No matter the reason, what all holiday criminal charges have in common in Texas is that they can follow you into the new year. That’s why if you get accused of a crime, you need the help of an experienced attorney to ensure you have the best defense possible.
Here are some of the most common holiday crimes committed in Texas and the penalties that can result, which is why you need to defend yourself to the best of your ability.
Driving While Intoxicated
For many people, alcohol is a necessity in their holiday celebrations. However, this inevitably increases driving while intoxicated arrests in Texas and fatal drunk driving accidents on the roads. Texas law defines driving while intoxicated as operating a motor vehicle with a blood alcohol content of 0.08 percent or higher.
If it’s your first DWI crime in Texas, you face a penalty of up to six months behind bars, a $2,000 fine, and the revocation of your driving license for up to one year. The penalties only escalate if it’s your second, third, or subsequent offense, if you get caught driving with an open container, or if you had a child passenger in your car. That’s why it’s crucial to have an attorney to help guide you through the case.
Some people may see Vandalism as a prank, but it’s a crime with serious consequences in Texas. If you get charged with vandalism, then you can face a Class C misdemeanor, which can result in a penalty of fines of $500. You can also face Class B misdemeanor charges, resulting in jail for up to six months with penalties of up to $2,000. An attorney on your side is vital when facing even misdemeanor charges in the state.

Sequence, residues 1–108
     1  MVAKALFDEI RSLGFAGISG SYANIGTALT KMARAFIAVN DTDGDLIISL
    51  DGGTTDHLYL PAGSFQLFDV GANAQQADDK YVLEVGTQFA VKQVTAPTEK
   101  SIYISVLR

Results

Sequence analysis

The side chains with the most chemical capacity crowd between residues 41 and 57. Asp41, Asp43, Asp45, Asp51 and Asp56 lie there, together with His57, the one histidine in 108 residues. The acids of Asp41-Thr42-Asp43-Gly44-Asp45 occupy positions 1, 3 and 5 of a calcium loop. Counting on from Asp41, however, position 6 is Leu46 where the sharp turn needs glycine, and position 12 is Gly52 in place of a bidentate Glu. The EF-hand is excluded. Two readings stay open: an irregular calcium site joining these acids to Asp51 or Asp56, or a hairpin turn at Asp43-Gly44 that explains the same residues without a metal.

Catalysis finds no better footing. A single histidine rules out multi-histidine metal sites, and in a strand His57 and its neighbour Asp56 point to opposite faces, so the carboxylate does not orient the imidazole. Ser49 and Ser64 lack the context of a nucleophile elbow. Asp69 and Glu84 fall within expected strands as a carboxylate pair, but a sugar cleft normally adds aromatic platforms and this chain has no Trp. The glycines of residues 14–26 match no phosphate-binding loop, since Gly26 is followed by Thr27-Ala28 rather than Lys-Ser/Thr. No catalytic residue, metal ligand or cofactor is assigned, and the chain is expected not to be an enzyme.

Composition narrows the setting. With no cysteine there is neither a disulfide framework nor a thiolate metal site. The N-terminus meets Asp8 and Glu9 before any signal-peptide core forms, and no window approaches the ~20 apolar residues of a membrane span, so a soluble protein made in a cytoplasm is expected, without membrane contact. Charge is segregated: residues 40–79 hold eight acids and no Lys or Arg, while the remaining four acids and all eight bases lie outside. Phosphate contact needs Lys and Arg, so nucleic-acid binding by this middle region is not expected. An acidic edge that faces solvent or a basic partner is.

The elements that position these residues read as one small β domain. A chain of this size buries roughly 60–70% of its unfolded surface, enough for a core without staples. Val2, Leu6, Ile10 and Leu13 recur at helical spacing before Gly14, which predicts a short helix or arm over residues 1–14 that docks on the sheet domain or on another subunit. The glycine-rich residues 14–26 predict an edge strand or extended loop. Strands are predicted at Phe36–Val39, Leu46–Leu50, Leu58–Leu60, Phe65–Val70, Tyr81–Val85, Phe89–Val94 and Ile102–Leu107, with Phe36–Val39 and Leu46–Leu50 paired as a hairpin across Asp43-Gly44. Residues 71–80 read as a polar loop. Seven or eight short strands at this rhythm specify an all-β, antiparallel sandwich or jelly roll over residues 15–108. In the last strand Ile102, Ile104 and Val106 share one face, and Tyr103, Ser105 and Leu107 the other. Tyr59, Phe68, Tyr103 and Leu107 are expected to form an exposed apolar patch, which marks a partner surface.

There are many ways someone can perpetrate theft in Texas. Shoplifting in one way, but so is writing bad checks, accepting stolen property, or simply taking an item that belongs to someone else without their permission.
The penalties for theft in the state depend on the value of the stolen item. Penalties increase with the value of the item.
Class C Misdemeanor
The charge for items worth less than $50 is a Class C misdemeanor. If found guilty, you can be required to pay fines of as much as $500.
Class B Misdemeanor
For items valued between $50 and $500, you can face a Class B misdemeanor. A conviction can result in fines of as much as $2.000 and up to six months in jail.
Class A Misdemeanor
If the item with a value between $500 and $1.500, the charge is a Class A misdemeanor. If found guilty, you can face up to 12 months in jail and fines of up to $4,000.
State Jail Felony
A state jail felony gets frequently charged if the item’s value is between $1,500 and $20,000. If convicted, you can be required to pay up to $10,000 in fines and spend two years behind bars.
After a value of $20,000, you face felony charges that can send you to jail for up to 99 years and require you to pay fines of $10,000.